‘You have to ask yourself fundamental questions about what rules you want to organize a society with, or what the legitimate functions of the state are. What kind of data should not be collected? What crimes should not be illegal? You get into this whole set of paradoxical questions, but they are important ones, too. On the surface, the basic idea of our legal system is simple: you jaywalk, you get a ticket, right? You do something wrong, you get a ticket. Now, let’s say we could have a world of 100% police efficiency: You could have a ‘smart city’ where every single person who jaywalks gets a ticket, every person who has sex in a public park gets locked up, etc… I don’t think that’s a good thing. I’m not sure anyone wants to live in that society. So you have to think about what extent you want to artificially create inefficiencies, because the places where power is inefficient are the places where we jaywalk, but also where we experiment with self-expression. And these are the kind of spaces that newer optimization technologies like AI can really banish from existence very easily. Human bodies have always placed limits on the exercise of power. But when that limitation goes away, we have to think about deliberately imposing constraints on technologies to optimize aspects of everyday life.’

Trevor Paglen in our new issue mono.kultur #44, on Artificial Intelligence systems controlling the public sphere


Ivorypress in Madrid is one of those remarkable projects that grew from a small artist’s publishing project into an indie empire of publishing house, gallery, bookstore and arts consultancy. Needless to say, all done with plenty of energy, dedication, cojones and impeccable style. And a well-sorted arts bookstore, well, we’re all for it and isn’t good company always a pleasure.

Comandante Zorita, 46-48
28020 Madrid


“Winona” by Trevor Paglen as part of the Eigenface series, where Paglen trained a facial recognition software to identify chosen characters in the ‘Wild Dataset’ of the Internet. It is a small part of his decade-long work in progress on computer vision. Hear all about it tomorrow evening at our mono.klub #52, where Paglen talks with the director of esteemed KW Institute for Contemporary Art,, Krist Gruijthuijsen, about the world of invisible images and our complex interdependency on machines.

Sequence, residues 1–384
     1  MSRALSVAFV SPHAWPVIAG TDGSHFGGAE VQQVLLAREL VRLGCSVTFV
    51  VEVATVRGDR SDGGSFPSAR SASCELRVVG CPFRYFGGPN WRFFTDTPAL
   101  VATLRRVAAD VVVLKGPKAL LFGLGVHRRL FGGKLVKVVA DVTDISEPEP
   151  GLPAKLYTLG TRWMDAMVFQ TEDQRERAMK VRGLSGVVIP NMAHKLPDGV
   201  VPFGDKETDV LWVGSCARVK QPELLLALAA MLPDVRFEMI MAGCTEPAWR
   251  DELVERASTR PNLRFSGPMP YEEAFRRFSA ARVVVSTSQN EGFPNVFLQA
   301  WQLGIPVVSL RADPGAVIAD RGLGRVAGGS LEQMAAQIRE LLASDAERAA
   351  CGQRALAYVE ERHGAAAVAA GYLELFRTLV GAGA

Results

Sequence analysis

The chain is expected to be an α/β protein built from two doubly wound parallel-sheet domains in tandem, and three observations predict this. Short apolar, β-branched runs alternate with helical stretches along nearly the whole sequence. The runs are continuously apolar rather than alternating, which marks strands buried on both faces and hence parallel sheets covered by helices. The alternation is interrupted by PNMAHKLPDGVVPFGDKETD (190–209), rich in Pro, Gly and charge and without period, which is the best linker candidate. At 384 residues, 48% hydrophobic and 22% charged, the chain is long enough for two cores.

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mono.klub #52
In Conversation with Krist Gruijthuijsen

16. January 2017 / 19h30

KW Institute for Contemporary Art
Auguststraße 69
10117 Berlin


Dear Friends,

We will start into the new year with a little splash, or more precisely, with a glimpse into the future.

‘For me my works are almost like what a star is to a constellation. They are points or particulates within a larger story,’ says American artist Trevor Paglen in our current issue mono.kultur #44. And indeed, there are few artists whose work is as deeply embedded in current matters of concern, questioning the impact of technology, economy, military or politics on the human condition. Trevor Paglen likes talking about those larger stories, and we certainly love to listen.

So please join us for an evening of conversation between Trevor Paglen and Krist Gruijthuijsen, director of the venerable KW Institute for Contemporary Art, discussing Paglen’s latest cycle of works and research into the hidden worlds of machine vision. For almost ten years, Paglen has been studying computer recognition programs and how machines are learning to ’see’, and how these developments interact with our daily lives. His research has led to a new body of what he calls ‘invisible images’, generated entirely by Artifical Intelligence systems – but of course, those are only particulates within a larger story.

As ever, we look forward to seeing you there.

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mono.klub #52

In Conversation with Krist Gruijthuijsen

mono.kultur #44
Trevor Paglen:
The Edge of Tomorrow

16. January 2017 / 19h30

KW Institute for Contemporary Art
Auguststraße 69
10117 Berlin